CVLSC Safety Policy
In accordance with bye-laws 1.2 and 8, MEMBERS AND OTHER USERS OF OUR LAKE MUST TAKE RESPONSIBILITY FOR THEIR OWN SAFETY BOTH AFLOAT AND ASHORE. THE CLUB WILL USE ITS BEST ENDEAVOURS TO PROVIDE ON-WATER SAFETY COVER, BUT THAT DOES NOT ALTER THE INDIVIDUAL RESPONSIBILITY OF ALL USERS OF THE LAKE. ACCEPTANCE OF THIS POLICY IS A CONDITION OF GOING AFLOAT AT CHEW VALLEY LAKE.
This statement is important because it explains how the Club sets out to assist you with your safety on the water. PLEASE TAKE THE TIME TO READ IT.
On club sailing days 2 safety boats must always be launched and ready for use, and at least two qualified helms will be in attendance. The duty team will have a collective responsibility for decisions about safety boat provision and sailing restrictions throughout the day
At the start of any sailing day the OOD (rescue helms on Wednesday and Thursday) should convene a brief meeting of the duty team, any race officers or event organisers, and perform a risk assessment relating to safety boat provision. More detailed risk assessments will be needed for events and formal training. This assessment will have to consider wind and gust strength and wind chill. If the wind has any degree of west in it, wind strength should be assessed well out in the middle of the lake near mark B. Following this assessment decisions should be made about the number of safety boats on the water, their manning and tactical positioning. Liaison with the whole team should continue throughout the day, reviewing the changing conditions and responding accordingly.
- Safety boats should at all times be crewed by two people, who should be appropriately dressed and prepared to stay out on the water for long periods and at least one should be prepared to go in the water.
- Unless the conditions are benign there should always be at least two safety boats each with a helm and crew. The club rosters 2 safety boat helms and 2 crews and 2 OOD’s at weekends.
- On Wednesdays and Thursdays, 2 safety helms alone may be rostered and no OOD, in which case the helms also act as Officers of the Day. On these days the rescue helms should undertake the risk assessment. As a result of the risk assessment, if they consider a second safety boat is appropriate (i.e. conditions are not benign), they should request volunteers from the assembled sailors to enable 2 fully crewed safety boats before sailing is allowed.
- The safety boat helms should have at least power boat level 2, or 3 years (equivalent) relevant RIB driving experience*, and are expected to be confident in fuelling, launching and recovering the club RIBs, manoeuvring them safely on the lake and providing a basic level of assistance. Since 2018 the club has actively encouraged RIB helms to also complete the CVLSC Advanced Rescue Helm Safety training, which teaches additional skills to help competently aid capsized and inverted boats and assist in a variety of rescue scenarios. The course is currently free to members and runs periodically each year with a view to it becoming a mandatory requirement in the future. The RYA Safety Boat course is an acceptable alternative to the club Advanced Rescue helm
Note: *This exception is limited to club members and expected to apply to only a small number that have a known/evidenced history and experience of Rib driving and providing safety cover together with a knowledge of the lake and our RIB procedures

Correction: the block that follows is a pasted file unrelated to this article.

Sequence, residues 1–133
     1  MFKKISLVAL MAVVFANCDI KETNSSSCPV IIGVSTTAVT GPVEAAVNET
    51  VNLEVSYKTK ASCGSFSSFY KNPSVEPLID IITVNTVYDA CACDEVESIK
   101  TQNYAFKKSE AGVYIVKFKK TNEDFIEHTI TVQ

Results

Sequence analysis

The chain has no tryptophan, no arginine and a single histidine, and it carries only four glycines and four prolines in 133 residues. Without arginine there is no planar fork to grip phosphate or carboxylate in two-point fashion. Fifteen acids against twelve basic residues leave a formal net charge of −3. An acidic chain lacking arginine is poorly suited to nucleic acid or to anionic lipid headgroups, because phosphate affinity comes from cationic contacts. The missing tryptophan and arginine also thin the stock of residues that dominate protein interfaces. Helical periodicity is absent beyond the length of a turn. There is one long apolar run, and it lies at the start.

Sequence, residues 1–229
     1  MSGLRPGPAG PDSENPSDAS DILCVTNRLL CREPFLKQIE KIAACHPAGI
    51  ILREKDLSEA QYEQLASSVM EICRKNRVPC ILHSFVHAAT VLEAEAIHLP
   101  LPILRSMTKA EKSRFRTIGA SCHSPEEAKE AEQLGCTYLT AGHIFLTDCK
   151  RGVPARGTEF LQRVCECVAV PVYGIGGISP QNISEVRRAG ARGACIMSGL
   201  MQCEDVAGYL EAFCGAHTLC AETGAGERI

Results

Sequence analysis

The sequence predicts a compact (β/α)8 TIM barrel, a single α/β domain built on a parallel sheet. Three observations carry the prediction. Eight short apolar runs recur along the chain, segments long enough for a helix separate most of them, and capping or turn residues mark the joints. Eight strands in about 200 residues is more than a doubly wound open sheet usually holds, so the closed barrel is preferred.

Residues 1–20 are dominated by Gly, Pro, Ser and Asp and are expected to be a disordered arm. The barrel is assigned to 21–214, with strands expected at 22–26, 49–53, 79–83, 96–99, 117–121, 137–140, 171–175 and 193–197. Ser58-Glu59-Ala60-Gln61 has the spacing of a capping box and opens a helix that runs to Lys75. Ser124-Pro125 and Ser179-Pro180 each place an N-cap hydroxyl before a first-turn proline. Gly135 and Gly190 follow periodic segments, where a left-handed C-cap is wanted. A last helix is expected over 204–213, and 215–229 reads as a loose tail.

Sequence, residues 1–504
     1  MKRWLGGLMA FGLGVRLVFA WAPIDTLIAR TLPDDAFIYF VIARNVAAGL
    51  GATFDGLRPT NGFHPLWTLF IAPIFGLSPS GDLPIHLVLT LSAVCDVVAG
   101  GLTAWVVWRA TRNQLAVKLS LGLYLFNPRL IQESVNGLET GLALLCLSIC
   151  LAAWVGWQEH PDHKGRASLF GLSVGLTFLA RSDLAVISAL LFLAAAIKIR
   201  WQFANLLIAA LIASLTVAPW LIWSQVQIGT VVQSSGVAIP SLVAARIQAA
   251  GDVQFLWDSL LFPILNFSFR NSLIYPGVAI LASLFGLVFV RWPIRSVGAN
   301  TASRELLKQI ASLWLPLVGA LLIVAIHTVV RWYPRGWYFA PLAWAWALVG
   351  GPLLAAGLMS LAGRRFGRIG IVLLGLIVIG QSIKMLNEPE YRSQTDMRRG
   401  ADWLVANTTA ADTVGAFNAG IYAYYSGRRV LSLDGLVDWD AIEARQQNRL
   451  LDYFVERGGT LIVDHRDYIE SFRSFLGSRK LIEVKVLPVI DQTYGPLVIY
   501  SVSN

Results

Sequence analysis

- The rostered safety boat helms will split between the RIBs
- All the OODs and safety boat helms and crews should come to the club with clothing suitable for manning a safety boat and going into the water. Wetsuits are a minimum, but dry suits are usually more appropriate and buoyancy aids shall always be worn.
- A safety boat should patrol on the water when there is any sailing underway as there is the risk of undue delay in attending an entrapment if the safety crew are on the balcony.
- A watch over boats sailing should be kept throughout the day by the OOD relaying relevant information to the safety boats with a handheld radio.
“Code Red” procedure, similar to Mayday.
This is only be used in the event of a serious injury or life-threatening emergency. If the incident occurs ashore the OOD/event coordinator should decide if it is detrimental to continue sailing activity, or if the incident can be handled effectively using the resources onshore and sailing and other activity can continue.
On calling “Code Red” for a water-based incident, all the available club powered boats should be ready to help the emergency. The safety officer (normally the OOD or RO) should take control of the radio traffic, continuing to use channel 37a or M1, and will coordinate assistance as required. Only radio calls related to the emergency are allowed until the crisis is over. The likelihood is that any races in progress will have to be abandoned.
As a Club member or visitor, you have a duty to both yourself and to other lake users as regards safety. This duty means acting responsibly whilst on Club premises, including in the use of the boat park and winches and in the supervision of your children. You can improve your own on-water safety by adopting the following: –
- Check the information board at the main entrance.
- Remain in the sailing area designated for the day.
- Less confident sailors – stay in an area where you can be easily seen and quickly reached.
- Do not sail in a boat or in weather conditions that are beyond your competence.
- If in doubt – ask the rescue helms to watch out for you or your child.
Your duty to other members and visitors includes: –
- Providing help or seeking help for anyone you see needing it on the water.
- Alerting the rescue helms to any situation that you observe that may need their attention.